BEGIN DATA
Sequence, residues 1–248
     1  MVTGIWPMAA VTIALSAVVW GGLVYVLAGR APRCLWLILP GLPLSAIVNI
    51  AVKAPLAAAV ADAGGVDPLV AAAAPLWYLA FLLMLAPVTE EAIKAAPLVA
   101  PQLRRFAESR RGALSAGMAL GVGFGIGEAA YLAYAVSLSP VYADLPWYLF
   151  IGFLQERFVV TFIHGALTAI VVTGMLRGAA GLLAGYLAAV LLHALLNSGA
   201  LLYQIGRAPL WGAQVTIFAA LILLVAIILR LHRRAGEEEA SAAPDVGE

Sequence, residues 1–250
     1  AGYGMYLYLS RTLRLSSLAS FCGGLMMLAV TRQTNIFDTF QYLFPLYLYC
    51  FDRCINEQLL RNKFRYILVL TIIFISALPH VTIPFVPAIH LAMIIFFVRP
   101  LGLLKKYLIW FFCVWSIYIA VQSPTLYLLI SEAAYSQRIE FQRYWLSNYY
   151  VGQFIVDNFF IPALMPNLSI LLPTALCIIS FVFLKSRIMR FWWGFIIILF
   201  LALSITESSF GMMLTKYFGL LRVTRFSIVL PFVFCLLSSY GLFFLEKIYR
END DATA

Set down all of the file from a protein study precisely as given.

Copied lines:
Sequence, residues 1–248
     1  MVTGIWPMAA VTIALSAVVW GGLVYVLAGR APRCLWLILP GLPLSAIVNI
    51  AVKAPLAAAV ADAGGVDPLV AAAAPLWYLA FLLMLAPVTE EAIKAAPLVA
   101  PQLRRFAESR RGALSAGMAL GVGFGIGEAA YLAYAVSLSP VYADLPWYLF
   151  IGFLQERFVV TFIHGALTAI VVTGMLRGAA GLLAGYLAAV LLHALLNSGA
   201  LLYQIGRAPL WGAQVTIFAA LILLVAIILR LHRRAGEEEA SAAPDVGE

Sequence, residues 1–250
     1  AGYGMYLYLS RTLRLSSLAS FCGGLMMLAV TRQTNIFDTF QYLFPLYLYC
    51  FDRCINEQLL RNKFRYILVL TIIFISALPH VTIPFVPAIH LAMIIFFVRP
   101  LGLLKKYLIW FFCVWSIYIA VQSPTLYLLI SEAAYSQRIE FQRYWLSNYY
   151  VGQFIVDNFF IPALMPNLSI LLPTALCIIS FVFLKSRIMR FWWGFIIILF
   201  LALSITESSF GMMLTKYFGL LRVTRFSIVL PFVFCLLSSY GLFFLEKIYR